11. The engine system of claim 1, wherein the impeller housing comprises a volute having an inlet and an outlet, the fluid inlet port being fluidly coupled with the inlet of the volute and the fluid outlet port being fluidly coupled with the outlet of the volute.

12. The engine system of claim 1, wherein the at least one of the fluid inlet and fluid outlet ports that is positioned at least partially within the timing drive cavity is longer than a width of the timing drive.

13. The engine system of claim 1, further comprising an engine block and an engine block cover removably attached to the engine block, wherein the engine block cover encloses the timing drive cavity, and wherein the impeller housing forms a monolithic one-piece construction with the engine block cover.

14. The engine system of claim 1, wherein the fluid inlet port comprises flow straightening features.

15. The engine system of claim 1, further comprising a fluid seal between the timing drive cavity and the fluid pump, the fluid seal being positioned on a high pressure side of the fluid pump.

16. A fluid pump assembly for an internal combustion engine, comprising: a one-piece impeller housing comprising a sealed end and an open end, the impeller housing defining a portion of an impeller cavity, and the impeller housing further defining an entire volute communicable in fluid receiving communication with the impeller cavity; a cap sealingly attached to the open end of the impeller housing, the impeller cavity being defined between the sealed end and the cap, the cap comprising a fluid inlet extension tube in fluid receiving communication with a fluid source and in fluid providing communication with the volute; and an impeller positioned within the impeller cavity, the impeller being rotatable within the impeller cavity about a central axis, wherein the fluid inlet extension tube extends along an axis that is parallel to the central axis and shares a cross-sectional plane with at least two timing drive components, the cross-sectional plane perpendicular to the central axis.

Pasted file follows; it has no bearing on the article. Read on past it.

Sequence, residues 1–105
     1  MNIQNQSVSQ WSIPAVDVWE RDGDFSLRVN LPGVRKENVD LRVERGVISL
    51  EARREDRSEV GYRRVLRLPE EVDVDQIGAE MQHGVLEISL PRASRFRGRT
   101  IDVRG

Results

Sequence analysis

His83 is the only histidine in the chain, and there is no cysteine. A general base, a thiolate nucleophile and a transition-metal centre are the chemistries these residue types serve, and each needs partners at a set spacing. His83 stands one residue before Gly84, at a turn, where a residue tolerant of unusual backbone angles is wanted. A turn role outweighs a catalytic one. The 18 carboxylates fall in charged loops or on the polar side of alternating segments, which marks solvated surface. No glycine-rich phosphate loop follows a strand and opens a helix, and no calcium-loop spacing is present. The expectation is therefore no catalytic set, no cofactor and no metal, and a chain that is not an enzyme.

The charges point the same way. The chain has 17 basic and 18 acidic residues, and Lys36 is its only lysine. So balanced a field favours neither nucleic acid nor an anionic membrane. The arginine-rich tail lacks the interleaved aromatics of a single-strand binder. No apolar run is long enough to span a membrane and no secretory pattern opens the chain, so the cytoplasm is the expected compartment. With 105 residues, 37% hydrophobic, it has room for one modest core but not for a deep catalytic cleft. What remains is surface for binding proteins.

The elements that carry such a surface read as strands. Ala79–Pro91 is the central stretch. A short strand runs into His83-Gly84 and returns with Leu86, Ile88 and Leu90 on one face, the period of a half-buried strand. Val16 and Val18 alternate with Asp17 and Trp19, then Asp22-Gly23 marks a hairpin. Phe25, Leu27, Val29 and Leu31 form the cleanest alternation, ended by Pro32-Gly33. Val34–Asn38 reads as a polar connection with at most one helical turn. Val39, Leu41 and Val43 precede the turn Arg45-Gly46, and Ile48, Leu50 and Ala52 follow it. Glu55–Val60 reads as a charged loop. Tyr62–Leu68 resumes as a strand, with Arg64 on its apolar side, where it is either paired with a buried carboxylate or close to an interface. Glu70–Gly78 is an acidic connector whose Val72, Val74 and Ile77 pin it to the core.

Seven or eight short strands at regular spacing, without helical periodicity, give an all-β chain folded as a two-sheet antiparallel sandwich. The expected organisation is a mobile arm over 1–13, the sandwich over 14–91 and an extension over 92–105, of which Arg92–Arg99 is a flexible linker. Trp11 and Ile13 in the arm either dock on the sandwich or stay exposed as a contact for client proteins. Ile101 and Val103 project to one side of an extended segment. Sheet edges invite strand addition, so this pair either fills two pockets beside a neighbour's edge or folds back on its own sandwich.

17. The fluid pump assembly of claim 16, wherein the impeller housing further comprises a fluid outlet extension tube in fluid receiving communication with the volute that extends parallel to the central axis.

18. The fluid pump assembly of claim 16, wherein the impeller housing comprises an annular flange, the annular flange defining the open end, and wherein the cap is seated within the annular flange.

19. The fluid pump assembly of claim 16, wherein the impeller is a shrouded impeller.

20. A water pump for an internal combustion engine, comprising: an impeller housing comprising an entire volute defining a central axis and circumscribing an impeller cavity, the volute being coupled to a high pressure water outlet tube, wherein the impeller housing is formed of a first one-piece monolithic construction; and a housing cap sealingly attached to the impeller housing and enclosing the impeller cavity, the housing cap comprising a low pressure water inlet tube, wherein the housing cap is formed of a second one-piece monolithic construction separate from the first one-piece monolithic construction of the impeller housing, wherein at least one of the water outlet tube and the water inlet tube is disposed along an axis that is parallel to the central axis and shares a cross-sectional plane with at least two timing drive components, the cross-sectional plane perpendicular to the central axis.

21. The fluid pump assembly of claim 16, wherein the fluid inlet extension tube is coaxial with the central axis.

Description:

FIELD

The present disclosure relates to internal combustion engines, and more particularly to fluid pumps that pump fluid throughout an internal combustion engine.

BACKGROUND